The political temperature in Johor is at an all-time high especially with Umno politicians in Johor pushing for a separate state election.
Joceline Tan, The Star
Royal help: The Sultan of Johor (left) has emerged as a balancing factor in the state while Khaled (right) tries to ride on his track record.
THE owner of the kampung style restaurant on the outskirts of Muar, Johor, had laid out quite a spread of Malay dishes for his VIP guests.
The elderly man, who wore a green shirt that matched the colour of the timber walls, looked quite overwhelmed to be sitting at the same table with some of the biggest names in politics.
He is a hardcore supporter of Tan Sri Muhyiddin Yassin and is always around when the former Deputy Prime Minister is in town.
But there he was with Tun Dr Mahathir Mohamad on his right, Tun Dr Siti Hasmah Mohd Ali across the table and Selangor Mentri Besar Datuk Seri Azmin Ali just a seat away. It will probably be one of the most memorable nights of his life.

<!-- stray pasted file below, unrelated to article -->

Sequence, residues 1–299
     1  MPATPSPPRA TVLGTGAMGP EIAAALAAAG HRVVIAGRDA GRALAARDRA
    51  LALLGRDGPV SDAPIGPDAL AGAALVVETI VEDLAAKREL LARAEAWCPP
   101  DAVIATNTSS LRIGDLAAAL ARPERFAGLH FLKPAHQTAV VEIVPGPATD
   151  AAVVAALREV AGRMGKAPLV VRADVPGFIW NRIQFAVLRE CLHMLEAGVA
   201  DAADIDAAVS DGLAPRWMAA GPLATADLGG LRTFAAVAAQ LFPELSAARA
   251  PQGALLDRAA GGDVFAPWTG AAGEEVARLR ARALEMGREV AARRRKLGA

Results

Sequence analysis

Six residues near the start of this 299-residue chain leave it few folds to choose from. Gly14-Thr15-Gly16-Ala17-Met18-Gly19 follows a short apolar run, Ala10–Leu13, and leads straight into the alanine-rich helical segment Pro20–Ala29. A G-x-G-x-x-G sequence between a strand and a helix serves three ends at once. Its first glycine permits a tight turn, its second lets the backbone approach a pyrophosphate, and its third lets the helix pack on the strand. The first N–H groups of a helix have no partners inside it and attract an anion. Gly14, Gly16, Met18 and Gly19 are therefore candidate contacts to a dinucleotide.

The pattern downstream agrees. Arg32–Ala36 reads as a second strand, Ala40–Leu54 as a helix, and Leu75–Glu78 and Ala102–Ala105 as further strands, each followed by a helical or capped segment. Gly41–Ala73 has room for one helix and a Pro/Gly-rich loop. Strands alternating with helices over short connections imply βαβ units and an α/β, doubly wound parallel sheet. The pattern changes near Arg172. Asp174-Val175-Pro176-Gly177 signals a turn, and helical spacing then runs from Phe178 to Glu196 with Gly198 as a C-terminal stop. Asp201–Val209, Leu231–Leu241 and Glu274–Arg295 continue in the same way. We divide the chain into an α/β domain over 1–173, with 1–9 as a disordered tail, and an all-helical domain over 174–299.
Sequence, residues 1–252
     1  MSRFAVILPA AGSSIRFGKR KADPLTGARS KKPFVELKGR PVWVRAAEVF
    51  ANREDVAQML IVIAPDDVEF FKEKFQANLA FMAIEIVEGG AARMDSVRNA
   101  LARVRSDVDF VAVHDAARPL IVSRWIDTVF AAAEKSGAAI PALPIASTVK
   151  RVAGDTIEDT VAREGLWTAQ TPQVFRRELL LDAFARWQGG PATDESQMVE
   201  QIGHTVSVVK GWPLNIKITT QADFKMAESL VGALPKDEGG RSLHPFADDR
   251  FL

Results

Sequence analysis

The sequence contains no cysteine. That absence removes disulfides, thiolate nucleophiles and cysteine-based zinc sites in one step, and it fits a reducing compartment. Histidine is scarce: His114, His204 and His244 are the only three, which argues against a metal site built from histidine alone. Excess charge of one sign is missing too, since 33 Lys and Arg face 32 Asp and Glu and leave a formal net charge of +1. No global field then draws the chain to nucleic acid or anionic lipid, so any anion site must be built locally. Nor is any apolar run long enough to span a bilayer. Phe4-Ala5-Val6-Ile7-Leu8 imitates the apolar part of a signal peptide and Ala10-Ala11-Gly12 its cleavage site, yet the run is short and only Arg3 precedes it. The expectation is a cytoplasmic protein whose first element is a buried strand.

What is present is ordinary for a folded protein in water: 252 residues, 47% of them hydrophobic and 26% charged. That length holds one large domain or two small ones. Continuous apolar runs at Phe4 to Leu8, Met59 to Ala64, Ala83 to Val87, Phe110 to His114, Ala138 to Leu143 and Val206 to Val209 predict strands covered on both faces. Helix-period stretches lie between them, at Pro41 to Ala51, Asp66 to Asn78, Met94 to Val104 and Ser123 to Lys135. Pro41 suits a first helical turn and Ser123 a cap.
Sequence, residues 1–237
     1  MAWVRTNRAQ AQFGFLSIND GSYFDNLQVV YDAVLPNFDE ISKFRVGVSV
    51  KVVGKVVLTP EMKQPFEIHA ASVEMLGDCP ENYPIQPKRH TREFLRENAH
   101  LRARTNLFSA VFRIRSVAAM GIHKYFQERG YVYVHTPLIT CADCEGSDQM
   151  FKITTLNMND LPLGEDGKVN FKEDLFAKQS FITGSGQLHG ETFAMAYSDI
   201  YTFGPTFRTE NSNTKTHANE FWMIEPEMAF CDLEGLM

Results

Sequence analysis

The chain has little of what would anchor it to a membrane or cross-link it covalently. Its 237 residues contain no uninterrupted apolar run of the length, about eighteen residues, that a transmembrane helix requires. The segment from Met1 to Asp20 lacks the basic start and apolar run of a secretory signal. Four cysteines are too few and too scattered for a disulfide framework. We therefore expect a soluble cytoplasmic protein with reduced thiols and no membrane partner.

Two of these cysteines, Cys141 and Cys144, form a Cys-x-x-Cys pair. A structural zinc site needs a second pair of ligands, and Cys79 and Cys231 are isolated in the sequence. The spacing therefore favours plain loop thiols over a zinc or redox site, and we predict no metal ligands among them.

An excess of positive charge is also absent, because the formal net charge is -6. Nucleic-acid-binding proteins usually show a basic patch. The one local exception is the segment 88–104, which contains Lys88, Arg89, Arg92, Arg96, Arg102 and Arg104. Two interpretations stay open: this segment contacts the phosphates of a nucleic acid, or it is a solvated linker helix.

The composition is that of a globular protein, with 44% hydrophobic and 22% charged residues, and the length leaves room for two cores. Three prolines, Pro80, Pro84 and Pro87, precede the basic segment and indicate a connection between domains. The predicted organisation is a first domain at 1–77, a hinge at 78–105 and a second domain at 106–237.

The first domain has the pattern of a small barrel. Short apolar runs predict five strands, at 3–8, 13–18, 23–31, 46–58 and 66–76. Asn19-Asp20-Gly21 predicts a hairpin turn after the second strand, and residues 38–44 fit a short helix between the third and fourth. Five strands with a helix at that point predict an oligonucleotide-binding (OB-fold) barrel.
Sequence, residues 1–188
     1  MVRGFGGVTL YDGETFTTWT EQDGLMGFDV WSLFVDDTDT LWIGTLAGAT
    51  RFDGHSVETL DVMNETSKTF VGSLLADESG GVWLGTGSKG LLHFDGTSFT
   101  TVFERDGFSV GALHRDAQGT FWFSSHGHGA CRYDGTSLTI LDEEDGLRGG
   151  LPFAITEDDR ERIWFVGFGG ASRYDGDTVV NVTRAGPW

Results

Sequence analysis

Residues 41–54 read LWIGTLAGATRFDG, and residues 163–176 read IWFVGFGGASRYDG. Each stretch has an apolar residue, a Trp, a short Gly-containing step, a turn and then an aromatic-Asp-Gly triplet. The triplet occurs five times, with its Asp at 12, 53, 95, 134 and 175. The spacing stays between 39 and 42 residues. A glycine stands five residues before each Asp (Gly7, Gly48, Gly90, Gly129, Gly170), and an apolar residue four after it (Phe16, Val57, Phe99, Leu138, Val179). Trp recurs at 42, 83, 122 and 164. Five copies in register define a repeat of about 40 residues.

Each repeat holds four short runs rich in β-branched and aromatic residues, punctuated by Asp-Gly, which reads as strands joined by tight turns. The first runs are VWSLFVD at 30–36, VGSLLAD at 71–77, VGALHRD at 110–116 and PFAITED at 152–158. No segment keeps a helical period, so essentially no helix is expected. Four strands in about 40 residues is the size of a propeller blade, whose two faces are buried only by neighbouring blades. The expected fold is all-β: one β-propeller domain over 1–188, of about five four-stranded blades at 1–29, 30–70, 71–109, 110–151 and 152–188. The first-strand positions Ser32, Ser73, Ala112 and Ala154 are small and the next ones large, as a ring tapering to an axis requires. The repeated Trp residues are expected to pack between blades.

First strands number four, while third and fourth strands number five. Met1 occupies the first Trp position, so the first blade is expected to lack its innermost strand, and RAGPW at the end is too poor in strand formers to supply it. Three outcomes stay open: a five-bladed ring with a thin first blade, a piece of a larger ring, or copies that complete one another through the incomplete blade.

Nur Jazlan: Idea of separate state polls for Johor appeals to him.
It was almost midnight when the VIP guests settled down for the grand supper.
The Parti Pribumi Bersatu Malaysia ceramah had started late because of the persistent drizzle. But the crowd, numbering several hundred, stayed on, the fortunate ones seated under the tent and others sheltering under umbrellas.
This is Umno territory and it is still a novelty for the locals to listen to the former Umno stalwarts running down the party that they used to wax lyrical about.
But it was Azmin who captured their attention. He is an authoritative speaker who can crack jokes without cracking a smile and besides, he is the only one among the bigwigs holding a top government position.
Dr Mahathir is, surprisingly, a poor ceramah speaker. He looks frail on stage, he tends to ramble and his attacks against Najib and Umno have become rather too personal for the comfort of some of his audience. Most surprising of all is that he is somehow unable to connect with the crowd the way that lesser personalities have been able to.